• Unnecessary interactions between youth and law enforcement officers drive a host of negative consequences for students, especially when police are deployed in disciplinary situations. The inclusion of law enforcement in BTATs runs the risk of further criminalizing our children — especially children of color, children from low-income families, and children with disabilities.

It is clear that threat assessment models can trigger a cascade of negative outcomes for students, who may be misidentified, inappropriately labeled as threatening or dangerous, and denied access to necessary supports — or even wrongly suspended, expelled, or referred to the juvenile justice system. 

Evidence-based supports that might be denied include schoolwide multi-tiered systems of support (MTSS) and positive behavioral interventions and supports (PBIS), or individualized educational support team plans, 504 plans, or individual education programs (IEP) under the IDEA — Individuals with Disabilities Education Act.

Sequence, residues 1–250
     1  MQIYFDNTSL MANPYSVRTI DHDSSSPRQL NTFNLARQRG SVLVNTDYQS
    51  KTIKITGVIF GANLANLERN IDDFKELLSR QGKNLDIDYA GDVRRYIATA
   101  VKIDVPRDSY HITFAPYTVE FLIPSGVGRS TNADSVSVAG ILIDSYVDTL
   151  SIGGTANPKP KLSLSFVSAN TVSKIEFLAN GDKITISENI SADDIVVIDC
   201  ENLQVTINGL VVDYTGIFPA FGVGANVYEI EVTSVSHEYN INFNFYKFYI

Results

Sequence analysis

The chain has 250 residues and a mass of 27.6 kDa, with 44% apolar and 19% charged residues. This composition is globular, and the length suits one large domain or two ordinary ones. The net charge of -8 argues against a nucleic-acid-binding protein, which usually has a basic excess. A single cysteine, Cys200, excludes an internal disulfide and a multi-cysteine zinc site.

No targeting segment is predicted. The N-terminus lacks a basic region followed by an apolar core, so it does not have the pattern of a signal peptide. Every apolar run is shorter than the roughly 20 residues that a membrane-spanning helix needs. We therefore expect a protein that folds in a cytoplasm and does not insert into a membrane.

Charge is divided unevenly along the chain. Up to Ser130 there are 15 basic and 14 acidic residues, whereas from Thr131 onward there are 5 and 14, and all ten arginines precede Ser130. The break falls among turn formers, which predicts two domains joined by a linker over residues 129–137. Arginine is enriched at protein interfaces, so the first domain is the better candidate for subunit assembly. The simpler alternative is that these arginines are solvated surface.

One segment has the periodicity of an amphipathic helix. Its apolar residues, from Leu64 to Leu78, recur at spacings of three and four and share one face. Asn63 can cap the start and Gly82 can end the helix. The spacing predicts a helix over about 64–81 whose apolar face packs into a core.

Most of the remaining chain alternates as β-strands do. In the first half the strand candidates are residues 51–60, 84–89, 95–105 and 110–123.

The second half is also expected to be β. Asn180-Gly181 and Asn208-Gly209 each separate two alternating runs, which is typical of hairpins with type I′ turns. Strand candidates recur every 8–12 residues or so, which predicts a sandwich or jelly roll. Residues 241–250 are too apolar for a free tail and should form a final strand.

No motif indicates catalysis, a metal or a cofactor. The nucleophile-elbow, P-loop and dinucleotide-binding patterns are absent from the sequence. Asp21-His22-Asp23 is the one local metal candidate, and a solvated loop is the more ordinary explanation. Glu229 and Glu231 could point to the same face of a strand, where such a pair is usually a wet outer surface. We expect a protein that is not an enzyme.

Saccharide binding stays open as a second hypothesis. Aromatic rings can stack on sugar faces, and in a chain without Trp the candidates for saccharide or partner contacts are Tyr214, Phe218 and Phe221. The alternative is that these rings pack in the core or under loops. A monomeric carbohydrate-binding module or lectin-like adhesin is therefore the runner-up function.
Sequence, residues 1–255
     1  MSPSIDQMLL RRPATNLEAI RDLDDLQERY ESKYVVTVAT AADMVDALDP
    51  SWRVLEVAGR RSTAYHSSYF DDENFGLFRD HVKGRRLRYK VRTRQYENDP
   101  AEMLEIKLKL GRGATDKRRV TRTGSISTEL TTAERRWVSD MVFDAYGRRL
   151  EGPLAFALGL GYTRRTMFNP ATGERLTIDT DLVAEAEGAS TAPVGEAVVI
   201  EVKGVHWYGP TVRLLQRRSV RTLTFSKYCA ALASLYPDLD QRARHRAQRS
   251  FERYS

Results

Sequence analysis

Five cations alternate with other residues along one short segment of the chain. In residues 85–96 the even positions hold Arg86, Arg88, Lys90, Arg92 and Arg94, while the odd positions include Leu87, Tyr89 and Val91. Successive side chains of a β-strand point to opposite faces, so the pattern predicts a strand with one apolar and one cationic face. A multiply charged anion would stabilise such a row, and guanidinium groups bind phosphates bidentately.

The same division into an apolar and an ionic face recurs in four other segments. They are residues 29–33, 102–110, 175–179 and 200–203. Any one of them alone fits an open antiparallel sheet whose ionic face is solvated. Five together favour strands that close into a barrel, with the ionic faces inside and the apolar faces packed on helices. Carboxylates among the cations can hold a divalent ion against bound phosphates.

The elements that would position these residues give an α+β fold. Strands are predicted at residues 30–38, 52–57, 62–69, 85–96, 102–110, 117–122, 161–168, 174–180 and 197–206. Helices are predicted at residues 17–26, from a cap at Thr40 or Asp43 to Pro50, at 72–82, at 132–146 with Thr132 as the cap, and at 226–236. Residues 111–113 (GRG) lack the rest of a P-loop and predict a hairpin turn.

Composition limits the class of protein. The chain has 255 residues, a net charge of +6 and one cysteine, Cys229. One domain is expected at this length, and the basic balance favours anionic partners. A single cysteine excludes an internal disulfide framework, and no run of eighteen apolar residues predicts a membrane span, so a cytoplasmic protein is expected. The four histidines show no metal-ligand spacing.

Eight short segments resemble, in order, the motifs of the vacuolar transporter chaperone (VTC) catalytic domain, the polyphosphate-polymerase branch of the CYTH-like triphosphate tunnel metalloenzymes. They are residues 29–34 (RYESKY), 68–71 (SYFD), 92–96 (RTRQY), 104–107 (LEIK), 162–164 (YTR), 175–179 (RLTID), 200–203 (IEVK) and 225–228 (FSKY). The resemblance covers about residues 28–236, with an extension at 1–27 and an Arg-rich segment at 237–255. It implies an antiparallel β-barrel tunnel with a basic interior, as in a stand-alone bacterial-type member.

Behavioral threat assessment teams in S.138, the school safety bill

As amended, the “school safety bill” before the Vermont Legislature would require public and approved independent schools that use BTATs to submit certain data to the Agency of Education. 

This should enable state leaders to better understand the prevalence and efficacy of this school safety model and help identify potential disparate impacts on students of color, low-income students, and students with disabilities. The bill will also require professionals involved in BTATs to undergo bias training in consultation with the Office of Racial Equity.